Because mezcal can be produced using so many varieties of the agave plant, and because of its old-school roots of production, terroir plays a big part in the profile of the spirit. Sure, you get that tell-tale smoke from the roasting and aging, but there are a crazy number of notes to discover.
Mezcal’s flavor notes can range from light, bright citrus to burnt marshmallow and musty barnyard, with more heat than tequila. It can take your tastebuds on a journey every bit as well as a glass of red wine. It makes sense why it is sometimes referred to as “mezcal wine.”
We all know tequila. Some of us know it as party fuel and haven’t visited the stuff since our twenties when it used to keep us going all night. But that’s not what tequila is all about. It doesn’t always need to go down fast with salt and lime. (Just typing that out gave us a headache.)
Tequila deserves respect as a quality liquor to be sipped slowly, neat, or over rocks. 100 percent blue agave tequila can be enjoyed just the same as any peaty scotch or cask-aged rum.
Tequila starts in a similar way to mezcal but with two important distinctions. One, it must be made almost entirely from the blue agave plant. And two, it is not fire-roasted, but steamed in clay, copper, or steel vats to break down the plant and release the sugars for fermentation. Skipping the fire and the smoke leaves us with a cleaner-tasting, sweeter product.
The rest of the process is roughly the same: crushing, fermentation, and distillation, followed by aging.
The different styles of tequila (blanco, reposado, and añejo) all leave a decidedly sweet brightness on the tongue. Fruity, floral, and citrus notes, or a strong minerality and salinity, are more common to tequila than its older cousin, mezcal.
The neutrality of blancos makes them excellent for simple cocktails, and the breadth of flavor in reposados can add a caramelly element to drinks. Try an Old Fashioned with a reposado--you’ll thank us later.
But tequila doesn’t always need assistance. Any tequila made from 100 percent blue agave is well worth sipping from a glass that was made to enhance the spirit within. The Whiskey Aficionado Glass is ideal. Served neat, even a young blanco has a lot of notes to play with.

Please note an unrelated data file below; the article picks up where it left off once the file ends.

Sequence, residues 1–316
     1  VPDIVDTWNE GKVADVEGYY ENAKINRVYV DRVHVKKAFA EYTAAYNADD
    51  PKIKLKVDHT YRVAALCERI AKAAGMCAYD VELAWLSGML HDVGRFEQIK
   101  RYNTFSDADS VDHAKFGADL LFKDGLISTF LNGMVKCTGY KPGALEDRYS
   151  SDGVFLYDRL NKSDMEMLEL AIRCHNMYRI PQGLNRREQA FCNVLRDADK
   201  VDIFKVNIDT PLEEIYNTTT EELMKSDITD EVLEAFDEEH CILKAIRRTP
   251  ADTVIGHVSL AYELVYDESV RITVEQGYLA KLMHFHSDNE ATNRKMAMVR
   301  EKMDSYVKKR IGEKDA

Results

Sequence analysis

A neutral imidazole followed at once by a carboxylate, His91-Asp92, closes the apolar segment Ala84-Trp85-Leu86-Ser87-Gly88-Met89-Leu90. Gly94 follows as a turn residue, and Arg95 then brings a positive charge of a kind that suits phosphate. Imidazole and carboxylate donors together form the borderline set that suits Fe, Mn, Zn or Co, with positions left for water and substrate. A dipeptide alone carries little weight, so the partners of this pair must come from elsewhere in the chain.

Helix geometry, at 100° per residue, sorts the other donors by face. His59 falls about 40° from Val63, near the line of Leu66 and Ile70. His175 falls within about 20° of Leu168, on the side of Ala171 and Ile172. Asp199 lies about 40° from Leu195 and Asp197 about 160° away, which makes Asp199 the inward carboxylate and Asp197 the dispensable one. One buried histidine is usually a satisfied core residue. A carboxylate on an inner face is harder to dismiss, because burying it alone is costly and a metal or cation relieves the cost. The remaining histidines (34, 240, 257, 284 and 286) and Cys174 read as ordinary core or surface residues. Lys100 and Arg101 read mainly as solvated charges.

More and more mixologists are adding mezcal-based cocktails to their repertoire, which is great, but mezcal has the spirit of a lone wolf. Lobo solitario. Especially when aged in oak, good mezcal has layer upon layer of complex flavors that you’re not going to get with any other spirit. Seriously, a good mezcal añejo can be a mind-blowing experience, well worth the price tag.
Sarah Bonisteel, in her article, says that “in Oaxaca, it’s often served at room temperature in a wine glass with a slice of orange and a pinch of salt.”
That sounds pretty great, but we suggest that it be served neat or with a whiskey rock in a straight-walled, Exquisite Whiskey glass. With so much to experience in one spirit, there's no need to overcomplicate things.
Tequila gets its sweet, sharp brightness from steaming and the trademark flavor of the blue agave plant. Mezcal, on the other hand, receives its hot and spicy soul by being slow-roasted in smoky stone pits. And it gets its variety of nuances and terroirs from the thirty-plus different agave plants that are used to make the spirit.
If you haven’t tried mezcal yet, we highly recommend you do, either straight up or in a modern cocktail. And when you do, let us know how it went. Or if you’re on team tequila, let’s hear how you like to drink it in the comments below.